(Reuters Health) - Nurses’ productivity takes a hit when they become ‘addicted’ to using social media at work, a habit that distracts them from tasks at hand, a small study suggests.
Study coauthor Asad Javed, from Hazara University in Mansehra, Pakistan, says nurses who choose to kill time by using social media at work have become a serious issue at hospitals and universities across that country.
This behavior causes frequent conflicts among nurses about the assignment of patient care duties, as well as arguments between nurses and patients, he added.
“One of the important reasons we conducted our research on nurses was the critical nature of their jobs, which require them to remain attentive,” Javed told Reuters Health in an email.
To assess relationships between social media use at work, distraction from job tasks and self-rated job performance, Javed’s team recruited nurses through Facebook groups last year.
Altogether, 461 nurses in 53 countries completed the anonymous survey, which included statements such as, “I lose my concentration during work when I hear the beep sound of notification on social networking site/application,” rated by the participant on a scale of 1 to 5.
The researchers found that increasing use of social media at work was associated with greater distraction and poorer job performance. However, nurses able to practice self-management could overcome the urge and focus on work, the study team reports in the Journal of Advanced Nursing.
“Nurses, like the general population, are increasingly distracted by attention to social media,” said Cynda Rushton of the Johns Hopkins School of Nursing’s Berman Institute of Bioethics in Baltimore, Maryland, who was not involved in the study.
“Nurses care for some of the most vulnerable people... When social media sites...shift their focus from their core work in ways that may harm their patients, higher standards are justified.”
In the paper, researchers warn the situation is even worse in public hospitals where nurses have unpredictable and inflexible working hours and heavy workloads.
Nurses can change their behavior if made aware of it through training sessions, displaying of posters, or other awareness interventions by hospital administration, Javed noted. Tackling office culture to make it more unacceptable to use social media at work could also prove effective.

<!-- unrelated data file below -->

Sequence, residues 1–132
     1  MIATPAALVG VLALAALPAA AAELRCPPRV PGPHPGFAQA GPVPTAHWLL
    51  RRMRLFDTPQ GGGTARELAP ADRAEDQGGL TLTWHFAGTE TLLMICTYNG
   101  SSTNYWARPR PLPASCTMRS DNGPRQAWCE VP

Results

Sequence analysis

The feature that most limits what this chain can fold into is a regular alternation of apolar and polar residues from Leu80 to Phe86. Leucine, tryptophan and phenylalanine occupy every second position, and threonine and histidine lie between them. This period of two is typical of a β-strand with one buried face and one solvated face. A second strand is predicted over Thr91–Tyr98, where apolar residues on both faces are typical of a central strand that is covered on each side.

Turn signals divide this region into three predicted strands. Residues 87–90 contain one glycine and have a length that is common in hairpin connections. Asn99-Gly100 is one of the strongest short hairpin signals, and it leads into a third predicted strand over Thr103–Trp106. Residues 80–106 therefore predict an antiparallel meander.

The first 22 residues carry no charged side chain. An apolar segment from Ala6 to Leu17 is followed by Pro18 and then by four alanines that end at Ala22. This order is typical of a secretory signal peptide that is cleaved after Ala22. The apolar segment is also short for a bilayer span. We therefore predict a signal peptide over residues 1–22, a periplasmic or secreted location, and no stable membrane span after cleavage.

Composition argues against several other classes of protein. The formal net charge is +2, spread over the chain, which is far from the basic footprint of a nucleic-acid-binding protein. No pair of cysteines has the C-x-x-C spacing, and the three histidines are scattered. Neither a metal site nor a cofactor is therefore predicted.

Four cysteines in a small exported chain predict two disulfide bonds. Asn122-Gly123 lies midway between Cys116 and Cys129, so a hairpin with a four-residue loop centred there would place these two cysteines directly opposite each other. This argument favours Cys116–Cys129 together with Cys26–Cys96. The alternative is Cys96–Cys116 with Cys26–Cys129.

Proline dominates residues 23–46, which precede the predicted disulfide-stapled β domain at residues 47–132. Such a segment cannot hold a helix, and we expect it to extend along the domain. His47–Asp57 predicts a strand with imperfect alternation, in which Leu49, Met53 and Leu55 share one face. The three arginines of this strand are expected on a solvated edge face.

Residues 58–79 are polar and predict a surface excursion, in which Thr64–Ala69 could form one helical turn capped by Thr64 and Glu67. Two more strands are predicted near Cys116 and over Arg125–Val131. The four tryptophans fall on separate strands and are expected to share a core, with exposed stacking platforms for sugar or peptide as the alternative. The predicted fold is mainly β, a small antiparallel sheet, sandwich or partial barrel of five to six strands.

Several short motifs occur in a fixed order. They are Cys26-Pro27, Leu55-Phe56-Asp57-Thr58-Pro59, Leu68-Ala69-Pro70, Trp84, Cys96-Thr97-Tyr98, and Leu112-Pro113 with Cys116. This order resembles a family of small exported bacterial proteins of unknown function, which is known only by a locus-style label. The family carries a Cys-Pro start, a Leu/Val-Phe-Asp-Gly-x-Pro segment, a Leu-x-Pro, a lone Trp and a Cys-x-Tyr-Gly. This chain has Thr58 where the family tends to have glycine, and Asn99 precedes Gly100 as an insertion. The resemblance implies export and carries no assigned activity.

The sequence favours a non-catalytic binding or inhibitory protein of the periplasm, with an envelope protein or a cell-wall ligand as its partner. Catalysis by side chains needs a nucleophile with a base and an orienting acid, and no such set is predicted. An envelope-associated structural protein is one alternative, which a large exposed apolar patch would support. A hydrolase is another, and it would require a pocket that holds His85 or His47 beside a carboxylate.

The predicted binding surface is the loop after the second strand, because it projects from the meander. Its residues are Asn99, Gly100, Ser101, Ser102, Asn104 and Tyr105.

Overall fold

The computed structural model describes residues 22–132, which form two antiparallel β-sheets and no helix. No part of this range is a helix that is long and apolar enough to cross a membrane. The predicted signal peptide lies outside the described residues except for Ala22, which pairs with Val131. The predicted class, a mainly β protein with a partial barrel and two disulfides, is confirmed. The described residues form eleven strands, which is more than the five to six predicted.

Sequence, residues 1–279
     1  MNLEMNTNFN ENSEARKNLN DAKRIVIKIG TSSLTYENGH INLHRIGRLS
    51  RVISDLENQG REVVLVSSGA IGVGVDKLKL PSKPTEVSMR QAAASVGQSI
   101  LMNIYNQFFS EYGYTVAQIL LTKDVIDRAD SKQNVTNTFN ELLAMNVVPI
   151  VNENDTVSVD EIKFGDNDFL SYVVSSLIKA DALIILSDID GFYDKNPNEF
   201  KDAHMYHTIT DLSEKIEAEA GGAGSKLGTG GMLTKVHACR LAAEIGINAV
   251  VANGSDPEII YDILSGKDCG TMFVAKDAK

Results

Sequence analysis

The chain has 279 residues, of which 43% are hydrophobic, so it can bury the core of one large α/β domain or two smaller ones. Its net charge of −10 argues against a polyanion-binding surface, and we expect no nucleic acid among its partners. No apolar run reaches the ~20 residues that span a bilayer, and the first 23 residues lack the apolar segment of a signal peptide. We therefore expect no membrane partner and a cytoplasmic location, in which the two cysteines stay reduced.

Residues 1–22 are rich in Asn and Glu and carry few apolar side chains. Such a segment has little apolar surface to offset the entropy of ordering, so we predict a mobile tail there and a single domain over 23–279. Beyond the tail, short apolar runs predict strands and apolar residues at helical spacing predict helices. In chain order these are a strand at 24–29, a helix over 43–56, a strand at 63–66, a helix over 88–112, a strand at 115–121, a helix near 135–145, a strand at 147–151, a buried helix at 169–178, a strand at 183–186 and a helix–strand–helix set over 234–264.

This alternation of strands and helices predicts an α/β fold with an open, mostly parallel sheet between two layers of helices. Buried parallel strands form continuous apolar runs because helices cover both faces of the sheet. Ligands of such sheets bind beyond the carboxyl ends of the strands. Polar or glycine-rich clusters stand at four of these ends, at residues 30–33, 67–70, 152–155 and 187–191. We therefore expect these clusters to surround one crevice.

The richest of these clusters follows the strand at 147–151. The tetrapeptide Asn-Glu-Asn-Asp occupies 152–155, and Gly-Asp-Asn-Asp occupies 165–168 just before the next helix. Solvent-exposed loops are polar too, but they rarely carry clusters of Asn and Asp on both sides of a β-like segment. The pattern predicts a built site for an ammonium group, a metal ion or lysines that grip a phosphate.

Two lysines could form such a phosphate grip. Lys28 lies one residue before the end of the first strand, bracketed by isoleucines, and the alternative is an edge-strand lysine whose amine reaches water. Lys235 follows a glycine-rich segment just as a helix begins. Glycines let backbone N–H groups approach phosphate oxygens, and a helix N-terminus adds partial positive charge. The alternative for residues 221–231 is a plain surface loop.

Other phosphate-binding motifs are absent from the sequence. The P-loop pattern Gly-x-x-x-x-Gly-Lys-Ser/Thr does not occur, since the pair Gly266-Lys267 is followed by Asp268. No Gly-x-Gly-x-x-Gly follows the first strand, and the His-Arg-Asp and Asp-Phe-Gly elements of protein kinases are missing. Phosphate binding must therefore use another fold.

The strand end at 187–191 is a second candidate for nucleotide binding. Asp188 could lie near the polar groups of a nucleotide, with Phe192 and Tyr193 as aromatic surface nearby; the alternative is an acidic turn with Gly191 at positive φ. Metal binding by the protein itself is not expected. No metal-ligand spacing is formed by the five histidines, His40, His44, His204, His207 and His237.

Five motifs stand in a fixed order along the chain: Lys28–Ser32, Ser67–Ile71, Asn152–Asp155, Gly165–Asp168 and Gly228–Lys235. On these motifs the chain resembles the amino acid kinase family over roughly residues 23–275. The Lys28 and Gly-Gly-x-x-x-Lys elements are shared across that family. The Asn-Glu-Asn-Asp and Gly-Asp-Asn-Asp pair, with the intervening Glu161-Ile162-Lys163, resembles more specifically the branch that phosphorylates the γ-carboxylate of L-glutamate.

Rushton said social media policies guarding against privacy violations of patients have been widely established in the healthcare sector and are usually effective if adequate surveillance is used to enforce them.
However, sanctions are typically more stringent when employees violate patients’ privacy, rather than when they misuse social media for purposes unrelated to patient care, she said.
Javed does not advocate a complete ban on use of phones or social media by nurses. “(This) could result in negative consequences considering the myriad of benefits associated with the use of social media for healthcare professionals reported in several studies,” he said.
“We have an existing social media policy which our department put together around patient privacy,” said Deb Song, associate director of media relations at the Rush University Medical Center in Chicago, who wasn’t involved in the study. “However, we actually want our staff to help promote Rush through social media when appropriate.”
Becky Sawyer, Chief Human Resources Officer at Sentara Healthcare, a health system in Virginia, says her organization has launched apps for customers and staff.
“We have policies that encourage our team members not to utilize their mobile devices for personal reasons while caring for or assisting our patients,” she said. “At the same time, we encourage their use of social media to deliver education to team members using platforms like LinkedIn Learning, or to communicate with our team using Workplace by Facebook.”
SOURCE: bit.ly/30K4qP1 Journal of Advanced Nursing, online August 5, 2019.